St. John Chrysostom, “It is amusing that the owner of the donkey and the colt didn’t argue with the disciples, but he instead obeyed them. So, how much more is it fitting for His disciples to bring to Him everything?”

Prophecy of our Lord and God entering Jerusalem:

This was done that it might be fulfilled which was spoken by the prophet, saying: “Tell the daughter of Zion, ‘Behold, your King is coming to you, Lowly, and sitting on a donkey, A colt, the foal of a donkey.’” [Mt. 21:4-5, Zach. 9:9]

St. John Chrysostom, “As the prophet Zechariah had realized the malice of the Jews and their potential resistance to Christ while He was coming up to the temple, Zechariah in advance warned them, giving the sign to recognize Him.” Although man has been created in the likeness of God, St. Cyril the Great stated, he became no longer able to recognize God, the Creator and Maker of all things, because the devil has brought down all people to the lowest level of imprudence and folly.

Entry to Jerusalem:

So the disciples went and did as Jesus commanded them. They brought the donkey and the colt, laid their clothes on them, and set Him on them. And a very great multitude spread their clothes on the road; others cut down branches from the trees and spread them on the road. [Mt. 21:6-8]

Indeed, the disciples have brought the Jews as well as the Gentiles to Christ through His teaching and Baptism. St. Jerome said this about the clothes: “The clothes, which have been placed on the animal, indicate the virtuous teaching or the Bible interpretation; as well as the rites of the Church. Unless the soul be ornamented with these matters and clothed in them, it will not be deserving to carry the Lord.” The tree or palm branches “indicate the triumph, as the Lord was coming to overcome death by death, and to defeat the devil, the master of death, with His triumphant Cross”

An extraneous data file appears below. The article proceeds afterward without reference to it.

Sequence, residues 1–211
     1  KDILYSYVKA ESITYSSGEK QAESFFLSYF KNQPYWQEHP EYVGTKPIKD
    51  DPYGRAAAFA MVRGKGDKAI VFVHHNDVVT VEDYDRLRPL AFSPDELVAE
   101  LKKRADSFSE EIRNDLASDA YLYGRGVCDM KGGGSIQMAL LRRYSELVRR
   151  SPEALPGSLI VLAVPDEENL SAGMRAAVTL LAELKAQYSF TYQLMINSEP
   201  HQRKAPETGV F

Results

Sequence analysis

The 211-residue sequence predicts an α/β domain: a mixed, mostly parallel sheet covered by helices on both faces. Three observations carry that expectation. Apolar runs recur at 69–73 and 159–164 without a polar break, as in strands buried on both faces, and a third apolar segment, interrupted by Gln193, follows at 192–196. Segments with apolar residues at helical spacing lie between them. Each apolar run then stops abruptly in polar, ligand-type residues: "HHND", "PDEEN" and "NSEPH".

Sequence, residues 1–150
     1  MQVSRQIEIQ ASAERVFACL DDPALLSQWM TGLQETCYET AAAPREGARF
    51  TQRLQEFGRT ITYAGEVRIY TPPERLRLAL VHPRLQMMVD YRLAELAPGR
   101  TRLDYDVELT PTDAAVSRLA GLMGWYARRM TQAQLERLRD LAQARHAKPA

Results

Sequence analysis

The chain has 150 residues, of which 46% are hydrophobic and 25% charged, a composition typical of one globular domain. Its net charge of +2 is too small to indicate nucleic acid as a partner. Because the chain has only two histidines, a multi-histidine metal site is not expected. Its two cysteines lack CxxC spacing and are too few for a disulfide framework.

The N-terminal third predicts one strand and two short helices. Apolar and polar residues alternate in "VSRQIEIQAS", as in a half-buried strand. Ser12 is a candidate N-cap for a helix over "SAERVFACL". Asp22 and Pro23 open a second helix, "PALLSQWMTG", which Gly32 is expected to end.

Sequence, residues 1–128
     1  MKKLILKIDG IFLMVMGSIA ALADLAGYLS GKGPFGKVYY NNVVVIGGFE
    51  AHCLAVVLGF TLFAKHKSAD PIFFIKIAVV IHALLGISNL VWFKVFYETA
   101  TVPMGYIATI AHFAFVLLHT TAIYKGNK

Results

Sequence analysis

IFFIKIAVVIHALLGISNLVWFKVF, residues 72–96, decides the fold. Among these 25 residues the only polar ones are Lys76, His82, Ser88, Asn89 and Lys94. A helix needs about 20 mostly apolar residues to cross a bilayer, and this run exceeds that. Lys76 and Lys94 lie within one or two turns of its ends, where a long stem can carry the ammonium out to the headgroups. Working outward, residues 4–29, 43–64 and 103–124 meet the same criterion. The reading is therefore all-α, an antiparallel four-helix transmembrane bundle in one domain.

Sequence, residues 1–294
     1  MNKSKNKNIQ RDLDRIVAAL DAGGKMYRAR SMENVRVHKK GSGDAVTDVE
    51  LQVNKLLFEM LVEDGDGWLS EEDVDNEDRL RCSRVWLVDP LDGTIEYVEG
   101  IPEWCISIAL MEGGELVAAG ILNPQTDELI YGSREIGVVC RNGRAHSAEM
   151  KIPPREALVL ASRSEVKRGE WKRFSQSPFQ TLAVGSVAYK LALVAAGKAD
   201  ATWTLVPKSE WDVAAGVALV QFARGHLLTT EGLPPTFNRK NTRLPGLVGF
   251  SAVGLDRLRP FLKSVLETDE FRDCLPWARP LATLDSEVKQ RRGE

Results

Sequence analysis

- St. Augustine.


Then the multitudes who went before and those who followed cried out, saying:

“Hosanna to the Son of David! Blessed is He who comes in the name of the Lord! Hosanna in the highest!” [Mt. 21:9] “The heaven is the human soul. So the work of Christ, the Redeemer, had brought back to the soul her inner peace and the enjoyment of flying up to the highest, to glorify her Bridegroom” - St. Augustine.

Plot to kill:

The Pharisees, seeing everything, were furious and angry, then they asked Him, "By what authority are You doing these things?" (Matt. 21:23). Since then, they decided to kill Him, telling one another, "Look, the world has gone after Him," (John. 12:19). The chief's desire to kill the Lord Christ was due to their envy, but the puzzling thing is the change in the multitude's attitude; they received Him like a King, then shouted to Pilate, "Crucify Him, crucify Him!" (Luke. 23:21). When the crowds cheered Jesus, they looked at Him as an earthly King, "Blessed is He who comes in the name of the LORD! Blessed is the kingdom of our father David" (Mark 11:9-10). But the Lord Jesus refused a Kingdom on earth, as His is a Heavenly Spiritual one. The plot to get rid of the Nazarene was then a natural reaction from the Chiefs who lost hope in the long-awaited kingdom! The Church considers the end of Palm Sunday Liturgy the beginning of the Passion Week, as the plot to kill the Lord Jesus Christ started to develop since then.

General Prayer for the Departed:

Through the Passion Week, the Church is preoccupied with the Lord's sufferings only; there is no raising of incense even for funerals, but replaced by the Semune Himmamat prayers and readings. For this reason, a general prayer for the departed is held after Palm Sunday Liturgy, for the souls of those who pass away during the Holy Pascha. The priest prays on some water for this purpose, and not for blessing the palms as some may think. During these prayers, we have to confess our sins to the Lord in true repentance, as we never know when our life will end.

Source: A Journey with the Church Fathers through Lent, Passion Week, and Pentecost by Fr. Mikhail, Pope Shenouda, and others.